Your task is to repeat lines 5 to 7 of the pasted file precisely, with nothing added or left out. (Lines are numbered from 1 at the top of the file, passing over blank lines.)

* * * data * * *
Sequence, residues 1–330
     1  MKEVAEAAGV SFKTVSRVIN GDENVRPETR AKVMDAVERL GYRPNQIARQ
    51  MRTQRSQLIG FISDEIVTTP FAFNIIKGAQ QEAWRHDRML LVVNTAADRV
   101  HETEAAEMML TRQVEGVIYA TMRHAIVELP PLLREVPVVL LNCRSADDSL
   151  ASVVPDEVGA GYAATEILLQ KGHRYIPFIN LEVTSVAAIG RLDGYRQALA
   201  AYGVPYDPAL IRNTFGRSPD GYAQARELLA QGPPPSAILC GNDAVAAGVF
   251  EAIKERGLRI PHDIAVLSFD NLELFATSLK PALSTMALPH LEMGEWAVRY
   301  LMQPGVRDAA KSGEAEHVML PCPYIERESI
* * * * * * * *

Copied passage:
   151  ASVVPDEVGA GYAATEILLQ KGHRYIPFIN LEVTSVAAIG RLDGYRQALA
   201  AYGVPYDPAL IRNTFGRSPD GYAQARELLA QGPPPSAILC GNDAVAAGVF
   251  EAIKERGLRI PHDIAVLSFD NLELFATSLK PALSTMALPH LEMGEWAVRY